Is lower cost the only benefit?
There’s also an important safety aspect. Seismic data can provide early detection of tremors, rock settlements and even gas leaks which could spell disaster for field crews. Bad data has many financial and safety ramifications.
So now the big question. How does MagiQ approach these problems?
For many years, MagiQ Technologies has been innovating across many industries by exploiting optical science versus traditional electronic approaches. Like DAS and geophones, our GeoLite Sensors are used for downhole monitoring and data extraction from oil and gas reservoirs, with some key differences. Our sensor arrays are thinner in diameter (approximately 1.8”) with fewer exposed mechanics and parts to break, overheat, or fail. All the machinery and data acquisition electronics remain above ground, which equates to less maintenance, fewer replacements, and therefore lower costs.
Our optical systems enable higher temperature and pressure installations that aren’t possible with traditional sensing equipment. We can also go deeper for longer periods of time.
How accurate is MagiQ’s data?
We’re testing that now but presuming there’s good news to come. Traditional DAS arrays measure changes in temperature and pressure to mark rock settling and vibrations. Electric geophones measure particle movements to mark these events. The problem with these two approaches is that you don’t know the exact location of the event. Our 3C fiber optic system adds 3 measurement components to boost sensitivity and pinpoint the location of each event. Knowing the exact location of settling or leakage in a well is important, both economically and from a safety perspective.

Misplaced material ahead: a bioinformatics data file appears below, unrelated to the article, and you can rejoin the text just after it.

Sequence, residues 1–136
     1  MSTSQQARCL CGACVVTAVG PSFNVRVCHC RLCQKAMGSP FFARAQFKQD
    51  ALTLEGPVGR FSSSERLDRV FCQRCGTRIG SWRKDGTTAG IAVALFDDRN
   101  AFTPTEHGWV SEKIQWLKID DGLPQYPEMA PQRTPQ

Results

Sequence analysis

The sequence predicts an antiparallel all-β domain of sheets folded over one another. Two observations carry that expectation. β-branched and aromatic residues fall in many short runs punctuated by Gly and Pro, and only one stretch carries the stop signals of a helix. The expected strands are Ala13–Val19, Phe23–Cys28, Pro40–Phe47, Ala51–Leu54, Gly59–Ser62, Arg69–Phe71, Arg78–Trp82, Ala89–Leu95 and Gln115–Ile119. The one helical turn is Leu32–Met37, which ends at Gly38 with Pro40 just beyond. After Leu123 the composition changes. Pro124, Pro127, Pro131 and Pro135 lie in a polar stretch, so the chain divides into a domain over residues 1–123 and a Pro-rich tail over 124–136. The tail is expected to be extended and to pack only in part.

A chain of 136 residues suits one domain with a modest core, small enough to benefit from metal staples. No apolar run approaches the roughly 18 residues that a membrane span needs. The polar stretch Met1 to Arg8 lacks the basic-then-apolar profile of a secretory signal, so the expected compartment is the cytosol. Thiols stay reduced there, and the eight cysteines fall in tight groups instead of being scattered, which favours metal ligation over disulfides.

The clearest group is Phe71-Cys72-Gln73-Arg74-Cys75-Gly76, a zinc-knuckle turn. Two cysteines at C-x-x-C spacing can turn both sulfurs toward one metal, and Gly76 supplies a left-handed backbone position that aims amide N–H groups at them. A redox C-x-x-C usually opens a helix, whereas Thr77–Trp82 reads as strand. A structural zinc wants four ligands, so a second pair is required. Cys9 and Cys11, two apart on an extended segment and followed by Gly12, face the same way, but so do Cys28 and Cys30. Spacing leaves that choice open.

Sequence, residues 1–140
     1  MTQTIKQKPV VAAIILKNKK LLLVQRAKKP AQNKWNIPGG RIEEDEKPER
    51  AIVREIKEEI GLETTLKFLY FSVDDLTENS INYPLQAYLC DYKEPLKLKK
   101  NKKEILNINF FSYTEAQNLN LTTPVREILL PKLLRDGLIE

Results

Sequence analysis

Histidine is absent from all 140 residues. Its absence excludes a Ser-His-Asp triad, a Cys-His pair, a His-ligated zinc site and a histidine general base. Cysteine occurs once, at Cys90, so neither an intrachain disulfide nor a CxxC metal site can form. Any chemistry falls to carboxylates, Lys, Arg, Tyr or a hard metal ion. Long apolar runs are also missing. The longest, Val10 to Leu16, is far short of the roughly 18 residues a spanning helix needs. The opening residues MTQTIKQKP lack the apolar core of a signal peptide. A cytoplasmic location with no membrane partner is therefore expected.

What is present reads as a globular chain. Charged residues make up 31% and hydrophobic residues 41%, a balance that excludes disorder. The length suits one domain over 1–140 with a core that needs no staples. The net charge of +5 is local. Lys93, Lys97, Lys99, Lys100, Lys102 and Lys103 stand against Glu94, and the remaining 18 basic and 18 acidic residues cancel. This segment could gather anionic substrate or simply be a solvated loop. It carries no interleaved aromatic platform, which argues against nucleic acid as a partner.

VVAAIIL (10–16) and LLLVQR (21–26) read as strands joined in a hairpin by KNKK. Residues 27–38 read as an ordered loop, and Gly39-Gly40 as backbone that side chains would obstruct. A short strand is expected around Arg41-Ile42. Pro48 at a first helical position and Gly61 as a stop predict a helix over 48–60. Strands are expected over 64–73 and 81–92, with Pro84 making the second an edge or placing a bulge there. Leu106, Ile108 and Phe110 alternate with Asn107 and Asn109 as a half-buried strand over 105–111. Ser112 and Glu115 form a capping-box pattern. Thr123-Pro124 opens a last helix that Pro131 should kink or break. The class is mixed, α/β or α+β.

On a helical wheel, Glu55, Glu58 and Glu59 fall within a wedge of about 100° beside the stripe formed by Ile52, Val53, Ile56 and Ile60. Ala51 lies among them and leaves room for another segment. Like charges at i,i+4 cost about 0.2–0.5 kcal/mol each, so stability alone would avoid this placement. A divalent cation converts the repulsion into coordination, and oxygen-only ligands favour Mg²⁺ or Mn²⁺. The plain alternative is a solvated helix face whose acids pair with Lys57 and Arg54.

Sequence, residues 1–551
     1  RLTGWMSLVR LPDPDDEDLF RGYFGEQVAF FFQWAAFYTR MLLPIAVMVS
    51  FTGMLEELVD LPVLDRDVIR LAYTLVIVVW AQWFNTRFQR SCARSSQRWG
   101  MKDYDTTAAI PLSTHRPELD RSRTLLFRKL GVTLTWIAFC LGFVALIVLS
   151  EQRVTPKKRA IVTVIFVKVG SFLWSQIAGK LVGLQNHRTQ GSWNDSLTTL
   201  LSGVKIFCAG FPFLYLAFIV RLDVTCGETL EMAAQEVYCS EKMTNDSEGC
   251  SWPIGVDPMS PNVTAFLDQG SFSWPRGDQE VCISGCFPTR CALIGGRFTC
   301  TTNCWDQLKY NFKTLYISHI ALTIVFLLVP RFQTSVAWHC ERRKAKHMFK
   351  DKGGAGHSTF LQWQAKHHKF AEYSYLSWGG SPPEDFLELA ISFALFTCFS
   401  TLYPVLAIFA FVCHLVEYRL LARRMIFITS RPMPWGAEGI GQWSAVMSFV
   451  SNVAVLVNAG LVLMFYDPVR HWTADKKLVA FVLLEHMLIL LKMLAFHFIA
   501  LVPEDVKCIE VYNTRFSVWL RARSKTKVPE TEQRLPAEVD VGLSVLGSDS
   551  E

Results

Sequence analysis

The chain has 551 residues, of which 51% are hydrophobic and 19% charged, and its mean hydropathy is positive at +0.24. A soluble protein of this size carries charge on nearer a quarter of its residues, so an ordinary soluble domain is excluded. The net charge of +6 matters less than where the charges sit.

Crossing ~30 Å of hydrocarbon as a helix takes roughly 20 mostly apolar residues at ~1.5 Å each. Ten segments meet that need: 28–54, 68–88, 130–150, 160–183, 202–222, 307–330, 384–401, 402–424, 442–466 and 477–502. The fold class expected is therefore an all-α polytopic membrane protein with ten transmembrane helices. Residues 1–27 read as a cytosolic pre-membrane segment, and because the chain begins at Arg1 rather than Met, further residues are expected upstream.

You mentioned that you are conducting a test. Can you tell us about that?
Yes, we recently completed a major test of our sensors with two partners. The goal of the project was to test the viability of our fully optical acoustic sensor array (MagiQ GeoLite Sensors) to learn the suitability for permanent monitoring of a large, sub-sea well.
Who were the partners?
I’m not at liberty to identify them by name, but both are global petroleum and gas companies that are leaders in the industry.
That’s great. What have you learned so far?
The data is still being compiled and analyzed, but the testing was extremely rigorous. We tested our optical sensor array versus traditional electronic geophones in a down hole environment that was approximately 400 meters deep. The testing was conducted in a research well in Texas. Our optical sensing prototype went down hole during the test and fed information to the data acquisition equipment on the surface. We obtained plenty of data, which was a critical goal of phase one.
Can’t traditional sensors accomplish this?
We’ve gone from lab testing to field testing, and we’ve learned that our 3C optical sensor array is extremely sensitive even at low frequencies. This means that it not only determines noise location, but can dampen and even eliminate noise and vibrations created by the machinery itself. This is something that traditional DAS systems can’t do which can throw measurements off. Again, it all comes down to data quality.
What does the future hold for MagiQ and the Geophysics team?
What we are trying to accomplish with our technology and approach is somewhat of a holy grail. Our long-term goal is to partner with data acquisition companies and oil equipment manufacturing firms to build our systems and provide these systems to energy exploration companies across the globe.
Those are ambitious goals. Best of luck in achieving them
Thank-you. What we are doing is extremely difficult, but it holds so much promise and opportunity for the energy industry.